Fig 6. Observed and simulated rainfall for the 2019 event.

a-d) Timeseries of 1h-precipitation accumulation in four different stations along the precipitation system: a) Assomption (up-wind of the city), b) McTavish (downtown), c) Pierre-Elliott-Trudeau (next to the downtown) and d) St-Hubert (down-wind). X-axis is the hour on July 11th 2019 (in local time). e-f) 24-h precipitation accumulation from 2019-07-11 0800 LST to 2019-07-12 0800 LST from e) CaPA analysis and f) CTL run (ensemble average), with colored circles representing observed accumulation values at available surface stations. The black arrow shows the global trajectory of the system. Made with Natural Earth (, under the public domain license (

We choose four stations according to the propagation direction of the system to investigate hourly rainfall intensities as follows: (a) a station upwind (L’Assomption, WEW), (b) a station in the downtown area (McTavish, WTA), (c) a station southwest of downtown (Pierre-Elliott-Trudeau Airport, YUL), and (d) a station downwind east of downtown (St-Hubert Airport, YHU). At the stations upwind (WEW), downtown (WTA) and downwind (YHU), hourly observations show an intense peak of precipitation in the first two hours (20–30 mm) followed by a trail of less than 10 mm for the next two hours. The same signal is observed at the station YUL, but with lower hourly accumulations (less than 10 mm during the first hour). The model is consistent with observations upwind (Fig 5A), with about 30 mm accumulated rainfall in the first two hours, followed by traces of precipitation in the next two hours. As for the other three stations (Fig 5B, 5C and 5D), the model rather simulates a 4-hour period of constant rainfall (less than 5 mm/h), which indicates a dissipation of the squall line over the island of Montreal.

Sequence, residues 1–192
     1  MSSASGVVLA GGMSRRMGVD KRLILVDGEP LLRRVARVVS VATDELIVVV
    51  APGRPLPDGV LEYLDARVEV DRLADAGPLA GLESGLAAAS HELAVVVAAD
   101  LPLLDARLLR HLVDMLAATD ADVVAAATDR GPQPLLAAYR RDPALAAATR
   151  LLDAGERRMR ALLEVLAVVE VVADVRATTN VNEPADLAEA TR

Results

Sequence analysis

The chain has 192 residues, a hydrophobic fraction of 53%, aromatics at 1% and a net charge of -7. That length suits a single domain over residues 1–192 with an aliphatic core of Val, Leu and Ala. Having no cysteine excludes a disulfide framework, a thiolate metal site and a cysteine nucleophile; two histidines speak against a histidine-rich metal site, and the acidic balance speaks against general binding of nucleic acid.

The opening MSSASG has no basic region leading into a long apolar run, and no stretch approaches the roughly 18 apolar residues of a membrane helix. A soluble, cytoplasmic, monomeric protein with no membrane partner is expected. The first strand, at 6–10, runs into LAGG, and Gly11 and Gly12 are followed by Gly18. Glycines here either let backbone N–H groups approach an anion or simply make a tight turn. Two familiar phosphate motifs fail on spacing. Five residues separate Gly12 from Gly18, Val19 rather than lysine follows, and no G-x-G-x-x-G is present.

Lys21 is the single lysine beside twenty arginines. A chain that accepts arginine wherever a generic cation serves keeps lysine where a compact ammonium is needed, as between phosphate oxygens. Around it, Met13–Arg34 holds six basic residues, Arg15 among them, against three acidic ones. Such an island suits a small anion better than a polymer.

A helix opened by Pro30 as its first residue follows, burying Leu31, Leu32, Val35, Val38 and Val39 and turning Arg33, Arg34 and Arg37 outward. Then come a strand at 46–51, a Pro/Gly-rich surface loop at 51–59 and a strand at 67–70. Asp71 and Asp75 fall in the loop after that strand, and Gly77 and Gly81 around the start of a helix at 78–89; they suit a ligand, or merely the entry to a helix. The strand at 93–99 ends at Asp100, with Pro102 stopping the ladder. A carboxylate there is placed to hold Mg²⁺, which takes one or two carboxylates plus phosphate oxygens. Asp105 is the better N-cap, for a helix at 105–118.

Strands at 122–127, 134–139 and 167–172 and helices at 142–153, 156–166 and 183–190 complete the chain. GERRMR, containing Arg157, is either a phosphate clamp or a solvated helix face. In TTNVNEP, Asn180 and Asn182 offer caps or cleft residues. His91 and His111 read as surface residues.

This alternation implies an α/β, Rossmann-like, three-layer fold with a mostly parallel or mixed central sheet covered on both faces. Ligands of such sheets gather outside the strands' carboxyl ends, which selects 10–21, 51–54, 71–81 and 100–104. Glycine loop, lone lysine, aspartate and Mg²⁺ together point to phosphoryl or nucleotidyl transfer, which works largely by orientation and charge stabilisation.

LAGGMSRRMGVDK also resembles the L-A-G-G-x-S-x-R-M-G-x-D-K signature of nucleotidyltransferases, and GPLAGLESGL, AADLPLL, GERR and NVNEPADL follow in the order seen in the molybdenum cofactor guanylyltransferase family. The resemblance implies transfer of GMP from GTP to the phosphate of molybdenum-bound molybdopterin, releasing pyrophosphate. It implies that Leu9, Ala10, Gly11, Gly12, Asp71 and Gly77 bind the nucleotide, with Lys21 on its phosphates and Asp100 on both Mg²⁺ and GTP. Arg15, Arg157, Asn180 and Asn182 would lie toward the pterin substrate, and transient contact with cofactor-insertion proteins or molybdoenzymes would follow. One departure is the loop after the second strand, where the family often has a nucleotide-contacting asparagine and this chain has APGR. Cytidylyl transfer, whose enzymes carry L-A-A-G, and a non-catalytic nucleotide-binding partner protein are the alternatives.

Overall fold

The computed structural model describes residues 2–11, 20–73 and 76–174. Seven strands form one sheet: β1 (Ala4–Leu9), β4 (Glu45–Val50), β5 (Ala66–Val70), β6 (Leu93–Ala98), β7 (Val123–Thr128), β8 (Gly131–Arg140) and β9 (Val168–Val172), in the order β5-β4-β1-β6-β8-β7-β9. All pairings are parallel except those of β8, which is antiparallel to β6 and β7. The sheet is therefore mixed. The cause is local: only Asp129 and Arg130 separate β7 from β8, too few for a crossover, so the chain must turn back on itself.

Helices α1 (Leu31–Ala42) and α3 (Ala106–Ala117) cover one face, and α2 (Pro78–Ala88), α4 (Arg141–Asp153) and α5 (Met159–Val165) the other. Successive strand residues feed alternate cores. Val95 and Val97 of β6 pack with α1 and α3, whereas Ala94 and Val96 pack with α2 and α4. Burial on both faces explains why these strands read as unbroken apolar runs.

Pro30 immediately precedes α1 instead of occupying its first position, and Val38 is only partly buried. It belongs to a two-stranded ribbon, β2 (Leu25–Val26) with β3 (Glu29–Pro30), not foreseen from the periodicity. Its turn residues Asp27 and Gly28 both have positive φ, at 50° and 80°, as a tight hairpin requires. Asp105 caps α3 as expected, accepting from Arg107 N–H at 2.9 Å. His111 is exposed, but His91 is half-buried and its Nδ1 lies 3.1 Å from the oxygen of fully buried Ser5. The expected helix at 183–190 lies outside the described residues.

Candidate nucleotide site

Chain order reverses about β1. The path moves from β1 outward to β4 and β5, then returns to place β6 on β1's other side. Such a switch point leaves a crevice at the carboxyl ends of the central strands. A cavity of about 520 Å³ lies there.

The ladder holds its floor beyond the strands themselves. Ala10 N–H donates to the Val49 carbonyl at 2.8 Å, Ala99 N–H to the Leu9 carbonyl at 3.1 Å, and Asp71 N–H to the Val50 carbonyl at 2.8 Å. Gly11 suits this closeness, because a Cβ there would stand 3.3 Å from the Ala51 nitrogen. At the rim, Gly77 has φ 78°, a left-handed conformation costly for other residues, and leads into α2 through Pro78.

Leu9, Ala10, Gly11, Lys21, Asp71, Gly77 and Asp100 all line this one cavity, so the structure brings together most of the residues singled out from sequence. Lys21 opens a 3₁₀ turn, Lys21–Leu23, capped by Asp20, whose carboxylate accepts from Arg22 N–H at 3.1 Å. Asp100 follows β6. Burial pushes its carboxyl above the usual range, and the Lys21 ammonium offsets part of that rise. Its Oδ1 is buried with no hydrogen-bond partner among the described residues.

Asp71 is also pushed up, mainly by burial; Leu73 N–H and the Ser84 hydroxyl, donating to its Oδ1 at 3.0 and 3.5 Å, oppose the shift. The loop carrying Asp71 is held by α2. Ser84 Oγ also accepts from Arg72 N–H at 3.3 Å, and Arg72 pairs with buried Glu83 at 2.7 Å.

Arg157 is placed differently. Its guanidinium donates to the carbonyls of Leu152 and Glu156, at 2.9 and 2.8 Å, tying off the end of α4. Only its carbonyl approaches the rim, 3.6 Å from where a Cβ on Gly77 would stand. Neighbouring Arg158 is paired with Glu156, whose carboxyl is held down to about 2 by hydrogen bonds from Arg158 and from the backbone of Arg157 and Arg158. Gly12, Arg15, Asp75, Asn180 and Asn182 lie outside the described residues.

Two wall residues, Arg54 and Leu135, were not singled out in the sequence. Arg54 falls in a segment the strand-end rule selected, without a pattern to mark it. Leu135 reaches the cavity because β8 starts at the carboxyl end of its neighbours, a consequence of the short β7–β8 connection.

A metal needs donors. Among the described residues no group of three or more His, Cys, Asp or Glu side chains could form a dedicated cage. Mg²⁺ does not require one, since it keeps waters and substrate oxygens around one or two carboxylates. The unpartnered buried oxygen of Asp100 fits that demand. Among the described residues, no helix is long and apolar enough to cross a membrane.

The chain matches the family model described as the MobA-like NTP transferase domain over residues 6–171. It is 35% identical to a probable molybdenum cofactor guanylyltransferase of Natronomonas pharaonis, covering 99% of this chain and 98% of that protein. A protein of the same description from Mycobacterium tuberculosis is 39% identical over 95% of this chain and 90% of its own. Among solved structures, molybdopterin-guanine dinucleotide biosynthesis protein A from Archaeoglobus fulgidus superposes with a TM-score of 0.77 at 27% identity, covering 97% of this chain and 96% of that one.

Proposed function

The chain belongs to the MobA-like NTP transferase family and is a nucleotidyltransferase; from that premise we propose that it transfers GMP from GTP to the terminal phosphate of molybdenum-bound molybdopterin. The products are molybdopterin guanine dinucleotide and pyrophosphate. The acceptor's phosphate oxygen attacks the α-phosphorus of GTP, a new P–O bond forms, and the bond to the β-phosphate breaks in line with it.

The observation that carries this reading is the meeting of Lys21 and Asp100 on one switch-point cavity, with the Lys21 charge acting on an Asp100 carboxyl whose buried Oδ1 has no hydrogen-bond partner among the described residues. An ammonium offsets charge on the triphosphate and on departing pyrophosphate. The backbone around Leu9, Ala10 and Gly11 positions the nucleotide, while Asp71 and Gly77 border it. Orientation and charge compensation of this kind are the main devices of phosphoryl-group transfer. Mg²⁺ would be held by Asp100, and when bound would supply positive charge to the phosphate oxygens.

In both cases, the model seems to overestimate the blocking of the precipitation system before the city. In the 2018 event, accumulated precipitation indicated a blockage upwind and a possible bifurcation south of the city. In the 2019 event, the squall line seems to dissipate before crossing the river. In following sections, we will investigate whether this behavior is due to the presence of the city in the CTL experiment.

3.2 Effect on surface air temperature and humidity of mitigation scenarios

In this section, we investigate how the urban land-use/land-cover influences the surface air temperature, humidity and heat index, by either completely removing the urban area or by using heat mitigation scenarios.

3.2.1 NOURB versus CTL–surface.

To quantify the impact of the city, we replace urban areas with vegetation in the NOURB experiment as described in section 2.3.2.

As expected, replacing all urban areas by vegetation significantly reduces surface air temperature (Fig 7A), with maximum differences up to 4–5°C at night. Thermal properties of urban surfaces cause them to warm at faster rates than the surrounding rural areas during the day [41]. They are also more efficient than rural areas in storing heat, which is then released into the atmosphere during the night. This heat release increases the surface air temperature over urban surfaces, which explains such large temperature anomaly when they are removed in the NOURB experiment. Dew point, on the other hand, is up to 2–4°C higher in the NOURB run than in the CTL run (Fig 7B), reaching maximum differences during the afternoon and at night. Such an increase is due to added water vapor from evapotranspiration.